The itch is driving your crazy! You need help now!

Rashes due to poison ivy, poison oak, and poison sumac all look about the same – raised, reddened, blistering bumps in areas of exposure. All are caused by hypersensitivity to plants containing urushiol. The rash and itching begin 24 to 48 hours after exposure, worsening over the next several days. Assuming you’ve had a shower by the time the rash has appeared, poison ivy is not contagious. The only way to share it is if the plant oil is still on your skin and you touch another person. Blister fluid is not contagious.

Though in some cases people worry about their appearance, for most the itch is what drives them to seek medical care.

Here are 5 tips for quick relief.

1. Use an OTC antihistamine. Over-the-counter antihistamines are every bit as good as prescription antihistamines. The primary benefit of using these is decrease in itching, though they may decrease swelling a little. The main side-effect is drowsiness with certain antihistamines, though this can be a benefit if the itch is keeping you awake. The non-sedating antihistamines are Claritin (loratadine) and Zyrtec (cetirizine). The sedating antihistamines are Benadryl (diphenhydramine), chlorpheniramine, and doxylamine (found in sleep aids and Nyquil). If these are effective in decreasing your symptoms and the appearance of the rash is not a concern, an antihistamine may be all you require. The rash will go away on its own if you can wait it out – which usually takes 2 to 4 weeks.

2. Use an OTC topical preparation. Calamine lotion and oatmeal baths help relieve the itch but do not actually decrease the rash. 1% hydrocortisone cream is effective at reducing the itch and healing the rash in mild cases. For a more severe reaction, prescription medication may be needed. Hydrocortisone decreases the body’s reaction to the offending oil, making the rash appear less red and irritated. Any of these may be used in addition to an antihistamine.

3. Call your doctor for a prescription. Your doctor may be willing to prescribe you medication over the phone, or may require you to come in for an appointment to make sure your self-diagnosis is correct. Prescription options include stronger steroid creams, steroid shots, and steroid pills. For small areas of rash, the creams are most appropriate. However, for larger areas or rash on the face (especially if the eyes are swollen shut) steroid injections or oral medications are appropriate. Usually the rash begins to improve by 24 to 48 hours after initiating treatment. Don’t make the mistake of stopping the medicine as soon as the rash appears better – it will likely return if you quit too soon. A five day treatment plan is the minimum, but often 10 to 14 days of medication is advisable.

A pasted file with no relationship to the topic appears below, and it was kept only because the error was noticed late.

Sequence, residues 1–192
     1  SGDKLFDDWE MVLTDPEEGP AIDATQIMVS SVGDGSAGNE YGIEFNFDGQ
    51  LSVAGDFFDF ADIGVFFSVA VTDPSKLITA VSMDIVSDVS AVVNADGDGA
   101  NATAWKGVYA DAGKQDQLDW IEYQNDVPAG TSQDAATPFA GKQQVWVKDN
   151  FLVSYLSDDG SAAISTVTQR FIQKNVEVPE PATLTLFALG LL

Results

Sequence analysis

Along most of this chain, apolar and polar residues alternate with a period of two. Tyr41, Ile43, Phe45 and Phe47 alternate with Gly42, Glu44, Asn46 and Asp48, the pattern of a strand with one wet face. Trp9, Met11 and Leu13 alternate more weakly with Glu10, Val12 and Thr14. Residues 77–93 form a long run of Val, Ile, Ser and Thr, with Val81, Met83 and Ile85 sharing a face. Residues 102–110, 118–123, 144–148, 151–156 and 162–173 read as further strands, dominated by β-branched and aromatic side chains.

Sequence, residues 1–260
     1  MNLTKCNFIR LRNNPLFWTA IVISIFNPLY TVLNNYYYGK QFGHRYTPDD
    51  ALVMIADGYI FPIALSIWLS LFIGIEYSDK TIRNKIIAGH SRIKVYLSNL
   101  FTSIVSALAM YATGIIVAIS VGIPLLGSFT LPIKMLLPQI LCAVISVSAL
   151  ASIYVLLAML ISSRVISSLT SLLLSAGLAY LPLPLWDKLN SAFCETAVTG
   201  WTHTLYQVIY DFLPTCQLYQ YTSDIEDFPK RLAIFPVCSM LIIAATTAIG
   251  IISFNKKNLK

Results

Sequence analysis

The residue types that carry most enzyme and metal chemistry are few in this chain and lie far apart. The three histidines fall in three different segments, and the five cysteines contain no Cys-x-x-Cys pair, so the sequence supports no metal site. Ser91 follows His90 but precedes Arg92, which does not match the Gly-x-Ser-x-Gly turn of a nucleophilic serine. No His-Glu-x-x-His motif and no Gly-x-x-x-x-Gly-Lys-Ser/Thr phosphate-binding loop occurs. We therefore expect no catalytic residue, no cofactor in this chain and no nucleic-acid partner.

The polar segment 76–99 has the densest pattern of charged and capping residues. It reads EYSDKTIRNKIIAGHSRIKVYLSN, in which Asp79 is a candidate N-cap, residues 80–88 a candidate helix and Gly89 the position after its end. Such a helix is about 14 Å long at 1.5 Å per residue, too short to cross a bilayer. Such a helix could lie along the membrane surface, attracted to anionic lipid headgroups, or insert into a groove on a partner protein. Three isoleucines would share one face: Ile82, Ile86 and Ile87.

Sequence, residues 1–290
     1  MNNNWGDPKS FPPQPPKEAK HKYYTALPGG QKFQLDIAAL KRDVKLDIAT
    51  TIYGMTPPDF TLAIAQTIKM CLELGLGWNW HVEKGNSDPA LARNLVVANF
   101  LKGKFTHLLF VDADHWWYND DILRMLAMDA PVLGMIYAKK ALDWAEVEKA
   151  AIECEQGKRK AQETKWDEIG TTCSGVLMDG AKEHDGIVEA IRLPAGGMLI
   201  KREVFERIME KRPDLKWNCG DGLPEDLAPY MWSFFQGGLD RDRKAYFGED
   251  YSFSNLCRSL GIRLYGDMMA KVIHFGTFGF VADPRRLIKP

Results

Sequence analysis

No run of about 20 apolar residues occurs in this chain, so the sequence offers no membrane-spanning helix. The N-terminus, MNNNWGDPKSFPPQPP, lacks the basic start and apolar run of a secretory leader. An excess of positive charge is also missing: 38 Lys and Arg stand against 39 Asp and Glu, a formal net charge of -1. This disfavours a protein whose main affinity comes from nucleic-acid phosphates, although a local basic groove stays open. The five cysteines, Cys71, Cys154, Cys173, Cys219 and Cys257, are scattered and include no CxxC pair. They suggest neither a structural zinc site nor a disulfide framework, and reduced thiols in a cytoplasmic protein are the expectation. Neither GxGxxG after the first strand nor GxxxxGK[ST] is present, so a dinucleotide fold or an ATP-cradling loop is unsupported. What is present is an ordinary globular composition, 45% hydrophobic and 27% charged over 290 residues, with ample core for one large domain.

4. Watch for secondary infection. Any open area of skin can become infected. If the area of redness is increasing, or especially if you see pus (not just clear blister fluid), see your doctor to learn if you need an antibiotic.

5. Do not use triple antibiotic ointment or Benadryl cream. When applied to the skin, both the neomycin in triple antibiotic ointment and the active ingredient in Benadryl cream (diphenhydramine) can cause a rash that looks just like poison ivy. Many a patient has made the problem worse or confused the diagnosis by using these over-the-counter preparations. (Diphenhydramine (Benadryl) taken orally does not cause this problem.)

Lastly, an ounce of prevention is worth a pound of cure. Avoid contact with the leaves, stems, and roots of the plants, all of which contain urushiol. If you pull the plants out, use disposable gloves and throw both the plants and gloves away. Burning the plant can put the chemical in the air and cause a serious rash to anyone exposed to the smoke.

Copyright 2010 Cynthia J. Koelker, M.D.

Source by Cynthia Koelker

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